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10.07.12

Links 7/10/2012: Linux 3.7, GIMP 3 Discussed

Posted in News Roundup at 10:13 am by Dr. Roy Schestowitz

GNOME bluefish

Contents

GNU/Linux

Free Software/Open Source

  • Open source equals software freedom, not free software
  • An Open Source Dyslexic Font

    Programmers seem to be prone to dyslexia, or is it that dyslexics are prone to programming? Whatever the cause, an open source dyslexic font is welcome news.

    Yes reader, I am dyslexic and I am a programmer – and yes it makes things difficult, especially when I get an attack in the middle of a published article, and variable names are often more variable than they are supposed to be.

  • Graduate students in Finland solve real problems beyond the classroom

    The School of Business and Information Management at Oulu University of Applied Sciences (OUAS) created an open source project management software named OpixProject. The objective was not to create something that would compete with the current project management software, but to place students in realistic problem-solving environments in order to reduce the gap between the concepts covered in the classroom and real-world experiences.

  • Copenhagen Suborbitals Release Snowmix, an Open Source Video Mixer
  • Juju Has Charms Included

    So how many of you ever thought of installing/configuring an application like WordPress/Drupal and compact Big Data mammoth like Hadoop in less than few clicks?

    I am sure everyone of you. A system admin loves automating his work and getting his/her most of the deployments done with some magic scripts. We all are living in the cloud world, its not a buzzword anymore, people are leveraging on it. So I will ask again how will you automate/autoscale/load-balance your entire application ?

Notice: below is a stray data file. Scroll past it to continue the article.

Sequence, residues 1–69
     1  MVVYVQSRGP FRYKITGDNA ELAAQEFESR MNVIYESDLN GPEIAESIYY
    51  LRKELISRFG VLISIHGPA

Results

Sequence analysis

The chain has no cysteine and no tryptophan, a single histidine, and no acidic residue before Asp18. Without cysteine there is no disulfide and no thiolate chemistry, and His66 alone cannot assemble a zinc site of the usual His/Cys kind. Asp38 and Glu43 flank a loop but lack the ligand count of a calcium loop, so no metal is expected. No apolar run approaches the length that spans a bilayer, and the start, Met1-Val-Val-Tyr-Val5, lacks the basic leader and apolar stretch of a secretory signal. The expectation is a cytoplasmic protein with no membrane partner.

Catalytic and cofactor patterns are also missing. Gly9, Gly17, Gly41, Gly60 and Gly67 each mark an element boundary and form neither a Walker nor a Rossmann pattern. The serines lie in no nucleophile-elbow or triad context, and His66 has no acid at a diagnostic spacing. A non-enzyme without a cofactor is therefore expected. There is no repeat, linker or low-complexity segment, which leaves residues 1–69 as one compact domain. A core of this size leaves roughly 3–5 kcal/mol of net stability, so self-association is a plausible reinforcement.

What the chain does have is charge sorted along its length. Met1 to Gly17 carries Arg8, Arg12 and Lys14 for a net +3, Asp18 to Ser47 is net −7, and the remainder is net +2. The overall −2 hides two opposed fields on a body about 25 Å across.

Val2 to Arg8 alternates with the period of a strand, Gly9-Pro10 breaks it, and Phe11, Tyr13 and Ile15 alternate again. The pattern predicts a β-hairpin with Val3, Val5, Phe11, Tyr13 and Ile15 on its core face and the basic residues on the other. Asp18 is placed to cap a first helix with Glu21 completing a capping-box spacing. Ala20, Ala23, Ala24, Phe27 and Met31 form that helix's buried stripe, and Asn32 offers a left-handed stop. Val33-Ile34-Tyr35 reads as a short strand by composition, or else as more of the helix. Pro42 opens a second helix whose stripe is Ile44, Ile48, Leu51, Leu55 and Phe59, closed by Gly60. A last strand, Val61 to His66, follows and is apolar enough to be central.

• Open source release for Google reranking technology

    Google has released a general purpose framework for reranking problems, ReFr (Reranker Framework), as open source. Reranking is a technique that is used when there is a model that can offer several scored hypothesised outputs; rerankers can reorder the ranked outputs based on information not available to the original model.

  • Web Browsers

    • Mozilla

      • Firefox Is Back on Top of Chrome

        Looks like we weren’t the only Internet users that got fed up with Chrome’s constant crashes, as the latest numbers show its popularity has been waning a smidge. The chart above shows worldwide mobile browser market share over the last 12 months. Back in May Chrome’s adoption numbers just about matched Firefox’s. And, at the end of last year, after a year of huge growth, different numbers found the Google made browser surpassed Firefox as the number two most popular browser, just behind Internet Explorer. But since then—perhaps because of the constant flash crashes, or that hip Internet Explorer campaign—Firefox has regained the No. 2 spot, according to numbers from Net Marketshare. Another way to spin the numbers is that Firefox’s sped up six-week new release schedule attracted more users.

      • Mozilla Firefox OS Features And Expectations

        Mozilla, the organization behind one of the most popular browsers in the world, is busy developing a new mobile operating system of its own. Competing head-on with biggies like Android and iOS, the fledgling smartphone OS attempts to create its own niche by seamlessly blending the power of the web and the mobility of smartphones together. Codenamed Boot to Gecko (or B2G), the open-source project will include applications that will be written in HTML5. These apps can then use the device’s API to run natively with the help of JavaScript.